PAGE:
Turas (Self-released)

Fergus McCreadie Trio

Released December 6, 2018

2019 Parliamentary Jazz Awards Album of the Year 






Released in Spring 2018, the trio’s debut album, Turas, has been praised for “reflecting his engagement with the Scottish landscape and musical traditions while also showing a firm grasp of the jazz piano tradition” (Jazz in Europe). Turas won Album of the Year at the Parliamentary Jazz Awards 2019 and Best Album at the Scottish Jazz Awards 2019, following on from McCreadie’s Best Instrumentalist title at the 2018 awards.

The album was also shortlisted for the cross-genre Scottish Album of the Year Award 2019, reaching the final ten from 290-plus candidates, a rare feat for a jazz album.

McCreadie’s music is an innovative blend of jazz and Scottish traditional music. Turas (Scottish Gaelic for ‘Journey’) featured eight original compositions designed to take the listener on an auditory journey of Scotland. Depicting scenes from the Western Isles to the East Neuk of Fife, the music evoked the landscapes from which it took its inspiration. McCreadie, who also works with drummer Graham Costello’s widely acclaimed STRATA, among other groups, performs with bassist, David Bowden, the winner of the Young Scottish Jazz Musician of the Year title in 2017 and leader of the acclaimed, world music influenced band Mezcla, and drummer Stephen Henderson, a Jazzwise magazine One to Watch in 2018.

Track Listing:

1. The Culearn Mill 08:59

2. Ardbeg 09:35

3. The Back Burn 05:07

4. The Teacher 05:45

5. Hillfoot Glen 08:47

6. Mull 06:23

7. The Set 10:02

8. The Old Harbour 08:36


Fergus McCreadie: piano
David Bowden: bass
Stephen Henderson: drums

Recorded, Mixed and Mastered by James McMillan at QuietMoney Studios

Artwork: StudioLR


Hard to believe that this is a debut album from a young musician just starting out on his recording career. There is an assurance and confidence that belies his tender years that I’ve not heard for a long time.
Precocious talent may abound in many circles, but it is rare that they elicit such a warm and positive feeling. That one is in safe hands as you listen to this outstanding album is immediately beyond doubt, as McCreadie leads you through a set of original compositions that are impeccably played, memorable and thought provoking by turns.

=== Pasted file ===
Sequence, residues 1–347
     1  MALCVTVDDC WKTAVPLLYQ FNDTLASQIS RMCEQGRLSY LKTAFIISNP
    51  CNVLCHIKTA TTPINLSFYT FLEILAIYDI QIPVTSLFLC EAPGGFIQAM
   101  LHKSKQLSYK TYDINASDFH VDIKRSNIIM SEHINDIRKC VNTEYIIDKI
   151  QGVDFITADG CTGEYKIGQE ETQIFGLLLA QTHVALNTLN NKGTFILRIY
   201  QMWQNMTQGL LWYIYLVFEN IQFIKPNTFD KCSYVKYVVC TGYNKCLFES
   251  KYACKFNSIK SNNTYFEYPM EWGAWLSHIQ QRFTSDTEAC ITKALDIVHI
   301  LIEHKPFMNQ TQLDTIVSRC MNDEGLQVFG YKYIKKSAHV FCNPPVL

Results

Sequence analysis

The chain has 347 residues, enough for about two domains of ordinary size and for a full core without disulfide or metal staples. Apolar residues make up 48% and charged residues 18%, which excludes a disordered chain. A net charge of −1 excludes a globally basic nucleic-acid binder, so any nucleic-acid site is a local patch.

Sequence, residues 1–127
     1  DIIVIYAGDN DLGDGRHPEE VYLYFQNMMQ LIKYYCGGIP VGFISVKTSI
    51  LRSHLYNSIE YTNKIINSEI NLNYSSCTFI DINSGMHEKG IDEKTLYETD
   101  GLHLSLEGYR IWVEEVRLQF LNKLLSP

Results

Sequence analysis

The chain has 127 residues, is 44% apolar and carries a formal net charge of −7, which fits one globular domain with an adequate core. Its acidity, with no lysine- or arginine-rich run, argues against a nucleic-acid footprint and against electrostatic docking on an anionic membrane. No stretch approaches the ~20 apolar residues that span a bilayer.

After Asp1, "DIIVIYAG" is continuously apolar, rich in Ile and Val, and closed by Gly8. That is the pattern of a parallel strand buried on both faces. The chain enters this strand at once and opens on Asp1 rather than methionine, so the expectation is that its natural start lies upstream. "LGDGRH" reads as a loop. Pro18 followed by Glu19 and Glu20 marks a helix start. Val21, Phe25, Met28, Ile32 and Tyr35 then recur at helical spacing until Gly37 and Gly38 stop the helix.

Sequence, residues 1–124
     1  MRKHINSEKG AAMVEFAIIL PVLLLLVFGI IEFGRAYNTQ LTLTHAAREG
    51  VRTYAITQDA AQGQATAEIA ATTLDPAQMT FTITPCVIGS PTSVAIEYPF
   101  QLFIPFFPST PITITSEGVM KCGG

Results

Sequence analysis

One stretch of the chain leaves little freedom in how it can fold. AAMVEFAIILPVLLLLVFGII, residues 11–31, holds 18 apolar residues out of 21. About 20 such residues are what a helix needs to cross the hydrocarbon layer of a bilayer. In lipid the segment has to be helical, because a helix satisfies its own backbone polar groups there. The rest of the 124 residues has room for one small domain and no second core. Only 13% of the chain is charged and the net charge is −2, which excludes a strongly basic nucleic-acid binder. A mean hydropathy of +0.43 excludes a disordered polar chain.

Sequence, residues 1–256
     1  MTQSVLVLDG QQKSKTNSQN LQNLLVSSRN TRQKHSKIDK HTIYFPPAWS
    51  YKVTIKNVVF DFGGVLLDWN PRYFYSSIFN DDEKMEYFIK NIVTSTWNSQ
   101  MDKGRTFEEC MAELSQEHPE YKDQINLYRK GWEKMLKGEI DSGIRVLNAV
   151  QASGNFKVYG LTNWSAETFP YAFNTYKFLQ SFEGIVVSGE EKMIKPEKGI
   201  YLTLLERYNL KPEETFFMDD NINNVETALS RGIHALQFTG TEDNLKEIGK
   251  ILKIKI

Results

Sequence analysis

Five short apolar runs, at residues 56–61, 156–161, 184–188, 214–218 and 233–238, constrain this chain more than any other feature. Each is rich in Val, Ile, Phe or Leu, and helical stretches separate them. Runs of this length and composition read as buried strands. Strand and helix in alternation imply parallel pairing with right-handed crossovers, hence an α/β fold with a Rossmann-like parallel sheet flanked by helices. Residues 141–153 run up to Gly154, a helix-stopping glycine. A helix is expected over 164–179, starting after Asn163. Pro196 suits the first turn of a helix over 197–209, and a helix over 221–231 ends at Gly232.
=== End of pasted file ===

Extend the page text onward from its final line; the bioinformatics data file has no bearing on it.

Turas is the Scottish Gaelic word for journey, and that is exactly what the album is. A journey not just through McCreadie’s musical journey, and the road travelled in conceiving these compositions, but that of his native Scotland and traditional Scottish music.
From the outset the juxtaposition of jazz and Scottish folk music is heard through the music of the trio, with the compositions strongly evocative of places in Scotland that have been visited by the pianist. ‘Ardberg’ with it’s gentle and subtle opening theme statement is a fitting tribute to the distillery of the famed whiskey to the sedate and reflective ‘Mull’ which is reworked as an out of tempo ballad that seems to follow its own compelling path.
Continuing the Scottish theme is ‘The Set’ which is paradoxically the most traditional yet the most original piece on the album.  Moving between a jig and a reel, the composition is deeply infectious, yet still swings in a way that is familar to the jazz trio, an outstanding piece of writing and totally absorbing. This is immediately followed by ‘The Old Harbour’ which McCreadie describes as having a basic harmony “where I just took triad shapes and moved them through the diatonic scale.” The mood of the composition is gentle and reflective, maintaining a disciplined focus on the original aim of the tune, negotiating several key changes along the way. The Scottish reel is again evident in the ‘The Back Burn’ where the trio are not afraid to tear things up a little with a driving and authoritative performance. 
The young pianist comes up with more intelligent writing on the wonderful ‘Hillfoot Glen’ which it’s rolling opening piano statement and the way in which it evolves into a more settled time feeling with McCreadie and cohorts digging deep for the piano solo. There is also some wonderful accompaniment from bass and drums that retain the interest and feel of the overall concept of the composition.
Citing the influence of Jan Garbarek and Arild Andersen, and other Norwegian musician’s use of their traditional music in their compositions, McCreadie has felt a desire to incorporate his own native Folk music within the jazz idiom he loves so much, and in doing so has made a highly personal and hugely enjoyable debut. I can say with confidence that I have not heard such an impressive trio record from a Scottish (or UK) pianist since Brian Kellock’s ‘Live At Henry’s’ set.

Nick Lea (Jazz Views)